Love the Light

Galaxy cluster Abell 520. Illustration credit: NASA, ESA, and Z. Levay (STScI). Image credit: NASA, ESA, CFHT, CXO, M.J. Jee, A. Mahdavi. Click to enlarge.


Dec 11, 2017

Dark theories challenged again.

“It cannot be seen, cannot be felt,
Cannot be heard, cannot be smelt,
It lies behind stars and under hills,
And empty holes it fills,
It comes first and follows after,
Ends life, kills laughter.”
― J.R.R. Tolkien

Previous Picture of the day articles contradict the theory of dark matter, in general, along with the idea that it can release vast amounts of radiation. Mainstream astrophysicists believe that dark matter is a necessary component in their cosmological theories, since they think that there is not enough gravity in the Universe for galaxy formation, or for those galaxies to assemble into clusters. Also, galaxy clusters should not maintain such rapid theoretical recessional velocities (95% of light speed). To account for the mass problem, dark matter was invented. To account for the speed of recession, dark energy was invented.

Astronomers think that an undetectable kind of matter must exist because stars on the edges of spiral galaxies revolve with the same angular velocity as stars close to their centers. Newtonian theory insists that stars farther away ought to move more slowly, so dark matter was assumed to impart extra velocity to them, although serious doubt about dark matter was already being published when those ideas were made public.

According to a recent press release, more doubts about dark forces are coming to the fore. Consensus models propose a Big Bang followed by expansion. However, the authors believe that “empty space” is not subject to expansion; preferring to fall-back on ideas that see space as an invariant factor. That invariance is known as, “the cosmological constant” in some equations, and indicates that space should not be seen as a quantity that can change.

As previously written, Fritz Zwicky’s observation in 1933, as erroneous as it was, started the investigations into dark matter, leading the famous astronomer, Vera Rubin, to climb on the band wagon. About forty years after Zwicky, she used his ideas to plot stellar speeds and movement.

In 2011, the Nobel Prize for physics was awarded to Saul Perlmutter, with the other half jointly to Brian P. Schmidt and Adam G. Riess, “…for the discovery of the accelerating expansion of the Universe through observations of distant supernovae”. This was later to be called, “dark energy”.

However, no theory can define dark energy, a force more powerful than gravity; leaving astrophysicists, themselves, in the dark, and a generation of scientists hamstrung by their own theories.

Since dark matter and dark energy cannot be seen by optical telescopes and can be analyzed through inference alone, could it be that something else is taking place? Something that conventional observers fail to consider as an active force? That “something” is electricity.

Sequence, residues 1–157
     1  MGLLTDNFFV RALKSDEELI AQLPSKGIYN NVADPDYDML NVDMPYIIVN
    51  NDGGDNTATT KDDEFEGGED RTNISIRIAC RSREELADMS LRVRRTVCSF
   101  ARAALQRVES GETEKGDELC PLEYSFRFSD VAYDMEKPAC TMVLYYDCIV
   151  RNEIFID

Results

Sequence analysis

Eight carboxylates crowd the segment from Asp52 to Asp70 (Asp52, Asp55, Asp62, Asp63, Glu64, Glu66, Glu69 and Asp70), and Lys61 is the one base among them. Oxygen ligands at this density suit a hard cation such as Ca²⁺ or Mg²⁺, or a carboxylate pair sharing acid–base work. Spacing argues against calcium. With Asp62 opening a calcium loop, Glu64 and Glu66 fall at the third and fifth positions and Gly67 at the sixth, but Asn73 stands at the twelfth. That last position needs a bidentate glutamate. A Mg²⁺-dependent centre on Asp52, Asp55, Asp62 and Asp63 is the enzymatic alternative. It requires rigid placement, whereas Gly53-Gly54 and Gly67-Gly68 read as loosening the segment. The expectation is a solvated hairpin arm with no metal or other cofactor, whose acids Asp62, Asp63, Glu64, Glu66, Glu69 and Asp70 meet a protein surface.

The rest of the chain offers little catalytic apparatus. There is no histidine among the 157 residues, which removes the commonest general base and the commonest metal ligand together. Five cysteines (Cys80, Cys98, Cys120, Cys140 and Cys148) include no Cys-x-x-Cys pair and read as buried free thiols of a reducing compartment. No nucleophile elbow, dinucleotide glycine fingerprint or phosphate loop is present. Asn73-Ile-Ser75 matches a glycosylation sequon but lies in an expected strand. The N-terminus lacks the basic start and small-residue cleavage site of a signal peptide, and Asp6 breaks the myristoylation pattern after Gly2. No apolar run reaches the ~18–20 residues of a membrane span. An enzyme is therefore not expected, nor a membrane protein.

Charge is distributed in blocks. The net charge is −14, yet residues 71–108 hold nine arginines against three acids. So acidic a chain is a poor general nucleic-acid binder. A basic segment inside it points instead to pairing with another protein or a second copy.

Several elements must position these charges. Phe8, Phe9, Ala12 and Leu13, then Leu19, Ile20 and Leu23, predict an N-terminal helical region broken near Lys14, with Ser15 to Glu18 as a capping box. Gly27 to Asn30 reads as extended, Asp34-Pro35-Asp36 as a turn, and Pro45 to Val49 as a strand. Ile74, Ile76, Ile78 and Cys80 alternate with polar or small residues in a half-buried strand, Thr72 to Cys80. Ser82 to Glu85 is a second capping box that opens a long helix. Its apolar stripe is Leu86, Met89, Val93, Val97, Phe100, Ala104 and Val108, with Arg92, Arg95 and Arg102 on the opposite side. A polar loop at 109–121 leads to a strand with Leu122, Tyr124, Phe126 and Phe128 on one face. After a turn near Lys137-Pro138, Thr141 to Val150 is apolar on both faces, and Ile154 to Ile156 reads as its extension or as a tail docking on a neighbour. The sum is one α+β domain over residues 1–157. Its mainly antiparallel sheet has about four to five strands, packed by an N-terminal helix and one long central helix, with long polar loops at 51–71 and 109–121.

Electric Universe proponents share a different view regarding the nature of the cosmos. Astrophysicist Hannes Alfvén came up with an “electric galaxy” theory as early as 1981. Alfvén observed that galaxies resemble homopolar motor/generators. A homopolar motor is driven by magnetic fields induced in a circular aluminum plate or some other conductive metal. The metal plate is placed between the poles of an electromagnet, causing it to spin at a rate proportional to the input current.

Galactic discs behave like the conductive plates in that configuration. Birkeland currents flow within galactic disks, powering their stars. Galaxies are, in turn, powered by intergalactic Birkeland currents that are detectable by the radio signals they induce. Since Birkeland currents are attracted to each other in a 1/√r relationship, dark matter can be dismissed when electric charge flowing through dusty plasma is recognized as an attractive force.

In an Electric Universe, electricity drives galaxy clusters, galaxies themselves and their associated stars. Birkeland currents create z-pinches between electromagnetic fields in electrical vortices. The compressed ions form spheres of glowing plasma, some in arc mode, some in glow mode, and some that vary between the two states. Since the flow of electric charge powers stars and galactic wheels, what about their shapes and behavior should be expected?

  1. Around the galaxies and throughout the cluster will be Birkeland current filaments slowly fluctuating, causing mass density variations that will be difficult to interpret as gravitational effects.
  2. The plasmas in which galaxies exist contain electromagnetic fields that map Birkeland current flows, interconnecting each galaxy with its neighbor and forming electrical bridges between them.
  3. Electrical charges separate from one another across a double layer in a Birkeland current filament. Double layers may break down if too much current flows in the circuit. In that instance, there will be a stellar flare, a gamma-ray flash, a nova or a supernova.

As time goes on, Electric Universe advocates predict that all “dark” theories will eventually be illuminated by electric lights.

Stephen Smith

Print Friendly, PDF & Email